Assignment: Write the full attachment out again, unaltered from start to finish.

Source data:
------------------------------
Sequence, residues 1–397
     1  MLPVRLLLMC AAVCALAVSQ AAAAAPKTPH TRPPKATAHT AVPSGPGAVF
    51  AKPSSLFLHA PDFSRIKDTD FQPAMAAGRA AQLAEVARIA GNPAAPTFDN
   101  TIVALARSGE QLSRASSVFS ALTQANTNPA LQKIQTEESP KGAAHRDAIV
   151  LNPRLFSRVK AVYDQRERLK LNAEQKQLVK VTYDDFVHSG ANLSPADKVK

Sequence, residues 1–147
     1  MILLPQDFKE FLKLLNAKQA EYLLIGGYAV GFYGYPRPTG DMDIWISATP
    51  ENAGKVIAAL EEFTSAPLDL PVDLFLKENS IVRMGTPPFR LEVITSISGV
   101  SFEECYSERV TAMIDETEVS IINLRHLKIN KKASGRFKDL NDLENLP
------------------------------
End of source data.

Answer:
Sequence, residues 1–397
     1  MLPVRLLLMC AAVCALAVSQ AAAAAPKTPH TRPPKATAHT AVPSGPGAVF
    51  AKPSSLFLHA PDFSRIKDTD FQPAMAAGRA AQLAEVARIA GNPAAPTFDN
   101  TIVALARSGE QLSRASSVFS ALTQANTNPA LQKIQTEESP KGAAHRDAIV
   151  LNPRLFSRVK AVYDQRERLK LNAEQKQLVK VTYDDFVHSG ANLSPADKVK

Sequence, residues 1–147
     1  MILLPQDFKE FLKLLNAKQA EYLLIGGYAV GFYGYPRPTG DMDIWISATP
    51  ENAGKVIAAL EEFTSAPLDL PVDLFLKENS IVRMGTPPFR LEVITSISGV
   101  SFEECYSERV TAMIDETEVS IINLRHLKIN KKASGRFKDL NDLENLP